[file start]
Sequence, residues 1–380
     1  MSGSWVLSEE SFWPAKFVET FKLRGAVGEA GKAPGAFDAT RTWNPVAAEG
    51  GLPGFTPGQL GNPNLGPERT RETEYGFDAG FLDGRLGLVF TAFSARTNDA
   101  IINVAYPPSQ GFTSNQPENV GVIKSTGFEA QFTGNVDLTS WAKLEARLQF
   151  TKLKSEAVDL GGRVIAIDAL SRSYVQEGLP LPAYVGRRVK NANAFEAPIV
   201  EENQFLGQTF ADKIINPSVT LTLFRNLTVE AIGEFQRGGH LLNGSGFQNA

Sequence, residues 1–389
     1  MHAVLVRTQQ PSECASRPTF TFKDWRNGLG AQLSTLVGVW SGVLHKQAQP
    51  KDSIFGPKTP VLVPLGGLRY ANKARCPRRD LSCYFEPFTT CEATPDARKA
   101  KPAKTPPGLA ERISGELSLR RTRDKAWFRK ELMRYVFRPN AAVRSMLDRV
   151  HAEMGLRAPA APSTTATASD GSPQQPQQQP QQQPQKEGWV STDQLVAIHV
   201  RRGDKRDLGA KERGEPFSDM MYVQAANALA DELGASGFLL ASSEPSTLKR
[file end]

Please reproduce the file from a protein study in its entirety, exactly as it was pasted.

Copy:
Sequence, residues 1–380
     1  MSGSWVLSEE SFWPAKFVET FKLRGAVGEA GKAPGAFDAT RTWNPVAAEG
    51  GLPGFTPGQL GNPNLGPERT RETEYGFDAG FLDGRLGLVF TAFSARTNDA
   101  IINVAYPPSQ GFTSNQPENV GVIKSTGFEA QFTGNVDLTS WAKLEARLQF
   151  TKLKSEAVDL GGRVIAIDAL SRSYVQEGLP LPAYVGRRVK NANAFEAPIV
   201  EENQFLGQTF ADKIINPSVT LTLFRNLTVE AIGEFQRGGH LLNGSGFQNA

Sequence, residues 1–389
     1  MHAVLVRTQQ PSECASRPTF TFKDWRNGLG AQLSTLVGVW SGVLHKQAQP
    51  KDSIFGPKTP VLVPLGGLRY ANKARCPRRD LSCYFEPFTT CEATPDARKA
   101  KPAKTPPGLA ERISGELSLR RTRDKAWFRK ELMRYVFRPN AAVRSMLDRV
   151  HAEMGLRAPA APSTTATASD GSPQQPQQQP QQQPQKEGWV STDQLVAIHV
   201  RRGDKRDLGA KERGEPFSDM MYVQAANALA DELGASGFLL ASSEPSTLKR